So what is the solution? There is no one-size-fits-all in terms of technology, rules of thumb, architecture or policy definition. It is literally the “it depends” answer. But here is what I recommend:

– Speak to your peers in other organizations about what they are doing about it?
– Get some free consulting from some of the private security consultants who are active in your industry/vertical?
– Ask your vendors for their opinions, but have a big grain of salt on the side.
– Read…a LOT! There are tons of information, white papers, blogs (like this one), trade rags, analyst reports, news/press, etc. Get informed so that you can refute or agree with the opinions you’ll have blasted at you.

– Develop a strategy and solution that are end-to-end viable. What I mean by this is don’t take an overly facility-centric viewpoint. You need to account for mobilization, information security, and regulatory compliance for when employees are BOTH on premise and on the road.
– Don’t get enamored with technology religion and be flexible, but innovative. Take an inventory of what are the devices, services, and applications that are impacting me. Yesterday it was WiFi and hotspots. Tomorrow it’s going to be mobile broadband and the “anywhere office”…in a BIG way!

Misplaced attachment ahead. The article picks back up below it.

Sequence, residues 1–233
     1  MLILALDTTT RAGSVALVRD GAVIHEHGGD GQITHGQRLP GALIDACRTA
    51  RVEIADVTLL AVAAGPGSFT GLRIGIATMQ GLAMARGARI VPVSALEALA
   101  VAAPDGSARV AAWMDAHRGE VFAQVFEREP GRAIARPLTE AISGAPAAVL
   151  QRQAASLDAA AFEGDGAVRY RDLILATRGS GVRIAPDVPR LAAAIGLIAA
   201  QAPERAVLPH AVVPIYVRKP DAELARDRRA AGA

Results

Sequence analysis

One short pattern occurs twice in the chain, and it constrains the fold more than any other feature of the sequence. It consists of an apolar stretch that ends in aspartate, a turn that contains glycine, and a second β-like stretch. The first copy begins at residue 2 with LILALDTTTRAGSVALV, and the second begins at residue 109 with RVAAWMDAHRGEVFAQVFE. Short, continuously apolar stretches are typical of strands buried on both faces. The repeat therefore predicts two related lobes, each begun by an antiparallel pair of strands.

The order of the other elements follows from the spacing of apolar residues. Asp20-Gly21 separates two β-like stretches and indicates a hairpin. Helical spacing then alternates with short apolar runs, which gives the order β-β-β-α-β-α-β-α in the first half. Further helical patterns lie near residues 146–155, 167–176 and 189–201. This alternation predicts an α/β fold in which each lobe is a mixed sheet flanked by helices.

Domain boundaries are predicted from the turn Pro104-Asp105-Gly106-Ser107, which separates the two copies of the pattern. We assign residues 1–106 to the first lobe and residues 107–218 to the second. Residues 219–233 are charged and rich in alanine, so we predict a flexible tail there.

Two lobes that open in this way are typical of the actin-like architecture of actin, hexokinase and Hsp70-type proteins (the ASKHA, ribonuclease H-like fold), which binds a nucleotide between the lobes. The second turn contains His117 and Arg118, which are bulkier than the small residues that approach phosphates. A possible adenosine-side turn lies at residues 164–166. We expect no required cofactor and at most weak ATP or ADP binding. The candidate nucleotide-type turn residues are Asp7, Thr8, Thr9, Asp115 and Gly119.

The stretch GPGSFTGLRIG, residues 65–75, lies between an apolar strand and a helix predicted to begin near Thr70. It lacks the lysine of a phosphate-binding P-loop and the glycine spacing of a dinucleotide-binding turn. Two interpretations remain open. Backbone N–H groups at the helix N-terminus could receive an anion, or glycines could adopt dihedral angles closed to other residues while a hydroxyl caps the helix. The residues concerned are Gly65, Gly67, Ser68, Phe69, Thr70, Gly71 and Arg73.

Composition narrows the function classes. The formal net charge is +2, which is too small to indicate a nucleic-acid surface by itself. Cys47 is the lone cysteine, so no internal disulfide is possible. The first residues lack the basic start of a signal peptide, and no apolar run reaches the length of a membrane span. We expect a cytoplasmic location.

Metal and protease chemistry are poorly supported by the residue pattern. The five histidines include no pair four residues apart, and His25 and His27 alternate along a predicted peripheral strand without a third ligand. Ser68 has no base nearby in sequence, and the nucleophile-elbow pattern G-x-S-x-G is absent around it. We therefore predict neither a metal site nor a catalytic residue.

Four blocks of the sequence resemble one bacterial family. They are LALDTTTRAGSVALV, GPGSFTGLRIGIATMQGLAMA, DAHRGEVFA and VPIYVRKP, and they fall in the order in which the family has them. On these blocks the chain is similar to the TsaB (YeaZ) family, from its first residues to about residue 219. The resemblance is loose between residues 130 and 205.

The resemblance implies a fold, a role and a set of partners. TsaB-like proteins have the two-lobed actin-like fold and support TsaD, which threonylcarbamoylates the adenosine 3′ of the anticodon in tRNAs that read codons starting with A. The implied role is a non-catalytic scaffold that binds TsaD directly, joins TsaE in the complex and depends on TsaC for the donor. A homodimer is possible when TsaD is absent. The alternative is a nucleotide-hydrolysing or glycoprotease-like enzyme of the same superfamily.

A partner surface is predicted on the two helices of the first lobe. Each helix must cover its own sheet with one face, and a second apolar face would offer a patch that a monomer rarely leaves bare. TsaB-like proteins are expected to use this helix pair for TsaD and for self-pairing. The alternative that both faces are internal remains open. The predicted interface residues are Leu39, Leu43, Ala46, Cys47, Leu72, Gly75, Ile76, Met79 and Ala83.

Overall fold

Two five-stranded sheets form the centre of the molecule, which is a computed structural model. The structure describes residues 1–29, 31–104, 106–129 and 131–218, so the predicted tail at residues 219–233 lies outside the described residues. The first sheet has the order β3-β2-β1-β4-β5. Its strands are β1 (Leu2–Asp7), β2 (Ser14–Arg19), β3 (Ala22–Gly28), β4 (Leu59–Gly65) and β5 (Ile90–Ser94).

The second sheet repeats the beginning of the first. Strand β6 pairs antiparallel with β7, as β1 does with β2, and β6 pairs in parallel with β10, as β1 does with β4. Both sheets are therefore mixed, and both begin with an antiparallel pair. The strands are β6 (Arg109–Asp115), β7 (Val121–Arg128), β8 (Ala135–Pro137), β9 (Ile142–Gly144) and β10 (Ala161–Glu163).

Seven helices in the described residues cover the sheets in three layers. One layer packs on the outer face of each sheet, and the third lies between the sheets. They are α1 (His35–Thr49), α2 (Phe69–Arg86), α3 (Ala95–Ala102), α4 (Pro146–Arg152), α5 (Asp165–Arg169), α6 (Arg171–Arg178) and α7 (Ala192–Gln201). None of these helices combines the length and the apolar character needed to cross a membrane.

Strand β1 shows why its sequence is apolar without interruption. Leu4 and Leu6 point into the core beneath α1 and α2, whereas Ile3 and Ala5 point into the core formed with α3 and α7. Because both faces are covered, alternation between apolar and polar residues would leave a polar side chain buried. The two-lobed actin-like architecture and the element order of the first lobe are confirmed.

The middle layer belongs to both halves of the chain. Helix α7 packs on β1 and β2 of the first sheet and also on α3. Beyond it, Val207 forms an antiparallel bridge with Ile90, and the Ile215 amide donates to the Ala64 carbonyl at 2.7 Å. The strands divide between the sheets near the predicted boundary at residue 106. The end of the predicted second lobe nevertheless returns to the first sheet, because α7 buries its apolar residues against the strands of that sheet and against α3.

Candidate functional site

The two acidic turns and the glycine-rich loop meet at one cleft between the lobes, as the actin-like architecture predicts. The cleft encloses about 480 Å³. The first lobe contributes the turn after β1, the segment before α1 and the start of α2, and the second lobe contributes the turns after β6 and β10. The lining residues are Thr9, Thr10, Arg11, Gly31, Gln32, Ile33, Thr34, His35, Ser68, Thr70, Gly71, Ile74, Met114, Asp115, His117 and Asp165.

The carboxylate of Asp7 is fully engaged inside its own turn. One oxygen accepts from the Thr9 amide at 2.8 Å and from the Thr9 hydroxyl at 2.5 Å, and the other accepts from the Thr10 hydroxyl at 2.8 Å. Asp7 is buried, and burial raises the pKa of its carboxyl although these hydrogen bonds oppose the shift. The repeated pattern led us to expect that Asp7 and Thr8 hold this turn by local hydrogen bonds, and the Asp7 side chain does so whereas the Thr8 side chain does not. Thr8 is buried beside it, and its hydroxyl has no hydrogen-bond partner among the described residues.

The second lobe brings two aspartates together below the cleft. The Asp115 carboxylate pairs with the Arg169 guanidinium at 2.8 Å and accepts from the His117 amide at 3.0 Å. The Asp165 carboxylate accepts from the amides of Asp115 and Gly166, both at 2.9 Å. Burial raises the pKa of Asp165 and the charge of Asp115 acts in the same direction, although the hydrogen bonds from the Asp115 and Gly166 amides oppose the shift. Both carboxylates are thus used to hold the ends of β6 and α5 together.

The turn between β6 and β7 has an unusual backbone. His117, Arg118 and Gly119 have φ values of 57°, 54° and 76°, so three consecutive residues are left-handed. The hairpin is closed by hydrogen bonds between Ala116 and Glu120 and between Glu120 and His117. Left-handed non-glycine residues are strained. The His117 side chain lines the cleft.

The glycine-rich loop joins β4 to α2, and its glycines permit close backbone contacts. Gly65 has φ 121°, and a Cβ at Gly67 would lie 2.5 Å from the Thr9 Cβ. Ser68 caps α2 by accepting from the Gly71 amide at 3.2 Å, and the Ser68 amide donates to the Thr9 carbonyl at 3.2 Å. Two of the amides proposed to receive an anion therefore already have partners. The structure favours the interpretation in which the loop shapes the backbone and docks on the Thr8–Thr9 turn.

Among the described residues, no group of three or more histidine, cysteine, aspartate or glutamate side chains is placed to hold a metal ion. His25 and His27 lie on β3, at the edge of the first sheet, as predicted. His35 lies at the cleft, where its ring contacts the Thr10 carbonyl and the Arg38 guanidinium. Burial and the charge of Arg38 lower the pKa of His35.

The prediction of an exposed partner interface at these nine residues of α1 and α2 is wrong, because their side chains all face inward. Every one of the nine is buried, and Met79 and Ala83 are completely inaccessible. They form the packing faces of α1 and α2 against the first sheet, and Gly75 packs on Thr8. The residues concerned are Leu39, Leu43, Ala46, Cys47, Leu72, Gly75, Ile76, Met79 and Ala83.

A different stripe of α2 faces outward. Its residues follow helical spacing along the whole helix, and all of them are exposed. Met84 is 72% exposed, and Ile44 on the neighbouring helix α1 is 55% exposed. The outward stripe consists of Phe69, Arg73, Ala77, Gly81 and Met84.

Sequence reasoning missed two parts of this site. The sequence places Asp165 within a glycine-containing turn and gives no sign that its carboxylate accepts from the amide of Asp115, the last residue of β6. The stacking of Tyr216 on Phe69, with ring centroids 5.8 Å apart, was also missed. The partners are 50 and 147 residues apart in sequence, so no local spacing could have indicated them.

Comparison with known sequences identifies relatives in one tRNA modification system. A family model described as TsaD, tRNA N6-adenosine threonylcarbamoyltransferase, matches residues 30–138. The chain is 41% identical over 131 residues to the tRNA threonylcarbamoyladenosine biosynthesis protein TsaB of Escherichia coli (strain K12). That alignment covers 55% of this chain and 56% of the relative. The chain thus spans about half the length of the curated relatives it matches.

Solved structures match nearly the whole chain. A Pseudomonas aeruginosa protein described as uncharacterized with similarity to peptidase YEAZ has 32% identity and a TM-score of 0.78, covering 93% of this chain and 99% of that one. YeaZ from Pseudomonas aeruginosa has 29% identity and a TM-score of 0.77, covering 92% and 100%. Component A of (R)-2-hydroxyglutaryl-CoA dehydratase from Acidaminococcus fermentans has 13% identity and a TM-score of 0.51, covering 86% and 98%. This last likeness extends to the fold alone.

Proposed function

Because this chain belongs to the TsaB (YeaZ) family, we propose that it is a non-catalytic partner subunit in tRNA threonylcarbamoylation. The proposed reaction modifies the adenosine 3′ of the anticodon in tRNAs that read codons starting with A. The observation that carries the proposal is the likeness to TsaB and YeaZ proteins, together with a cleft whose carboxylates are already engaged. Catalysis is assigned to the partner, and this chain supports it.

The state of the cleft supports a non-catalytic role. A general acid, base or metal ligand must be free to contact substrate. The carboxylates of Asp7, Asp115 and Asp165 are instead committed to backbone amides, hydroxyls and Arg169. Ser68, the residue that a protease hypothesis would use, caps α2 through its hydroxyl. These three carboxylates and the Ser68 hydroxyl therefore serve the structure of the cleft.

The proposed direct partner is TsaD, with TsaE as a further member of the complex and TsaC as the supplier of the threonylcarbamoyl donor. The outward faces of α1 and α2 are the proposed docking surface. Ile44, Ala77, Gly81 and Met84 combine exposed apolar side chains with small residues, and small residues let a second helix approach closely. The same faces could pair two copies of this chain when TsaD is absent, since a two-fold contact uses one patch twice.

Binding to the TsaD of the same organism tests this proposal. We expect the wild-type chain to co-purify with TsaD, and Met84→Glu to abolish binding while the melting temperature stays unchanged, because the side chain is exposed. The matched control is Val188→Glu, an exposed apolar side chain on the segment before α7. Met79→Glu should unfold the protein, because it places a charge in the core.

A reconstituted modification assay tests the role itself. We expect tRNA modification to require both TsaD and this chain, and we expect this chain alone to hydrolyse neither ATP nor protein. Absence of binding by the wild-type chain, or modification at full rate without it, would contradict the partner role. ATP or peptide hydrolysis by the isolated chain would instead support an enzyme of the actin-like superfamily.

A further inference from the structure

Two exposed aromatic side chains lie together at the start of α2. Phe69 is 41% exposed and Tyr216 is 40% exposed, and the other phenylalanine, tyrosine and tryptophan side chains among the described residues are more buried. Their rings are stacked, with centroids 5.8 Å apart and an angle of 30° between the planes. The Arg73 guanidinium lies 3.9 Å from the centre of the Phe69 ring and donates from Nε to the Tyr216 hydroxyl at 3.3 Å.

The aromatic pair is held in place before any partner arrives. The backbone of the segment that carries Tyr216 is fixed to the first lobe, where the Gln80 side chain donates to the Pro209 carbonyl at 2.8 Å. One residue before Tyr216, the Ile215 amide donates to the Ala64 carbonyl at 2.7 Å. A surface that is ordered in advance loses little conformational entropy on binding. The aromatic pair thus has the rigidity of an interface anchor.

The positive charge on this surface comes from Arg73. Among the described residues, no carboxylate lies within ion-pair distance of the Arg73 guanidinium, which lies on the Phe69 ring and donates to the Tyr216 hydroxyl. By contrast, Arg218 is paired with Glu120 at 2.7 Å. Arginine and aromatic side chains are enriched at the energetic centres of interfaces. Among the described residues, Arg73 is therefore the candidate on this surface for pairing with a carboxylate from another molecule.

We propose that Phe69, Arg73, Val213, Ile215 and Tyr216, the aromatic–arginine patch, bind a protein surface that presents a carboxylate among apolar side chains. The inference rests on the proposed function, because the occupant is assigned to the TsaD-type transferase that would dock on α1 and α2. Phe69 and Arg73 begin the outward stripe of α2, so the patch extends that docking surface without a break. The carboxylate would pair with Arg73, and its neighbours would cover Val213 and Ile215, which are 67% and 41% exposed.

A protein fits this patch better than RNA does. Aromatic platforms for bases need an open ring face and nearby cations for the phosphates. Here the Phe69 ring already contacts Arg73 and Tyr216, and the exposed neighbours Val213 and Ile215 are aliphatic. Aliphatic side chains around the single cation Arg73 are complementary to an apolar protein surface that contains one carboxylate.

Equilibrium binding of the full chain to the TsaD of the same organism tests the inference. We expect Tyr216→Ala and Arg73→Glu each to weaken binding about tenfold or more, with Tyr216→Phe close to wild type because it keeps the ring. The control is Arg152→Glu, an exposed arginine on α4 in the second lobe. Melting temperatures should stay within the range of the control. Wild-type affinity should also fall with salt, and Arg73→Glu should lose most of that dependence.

– Don’t forget common sense! This is self explanatory.

I would love to hear your comments, flames, rhetoric, opinions, and general feedback on these topics.

Mobility Paradise or Cyber-Apocalypse?

A couple of very interesting articles made e-headlines last week. NextGov’s article titled Cell phones, other wireless devices next big cybersecurity targets, and GovInfoSecurity’s article titled (very appropriately, if I do say so) Tsunami of Insecurity: Safeguarding Mobile Devices brought to light what I’ve been saying for several months now…mobile devices will be the next generation of cyberthreats and cyberattack targets in a magnitude never before experienced in the information or Internet ages!!!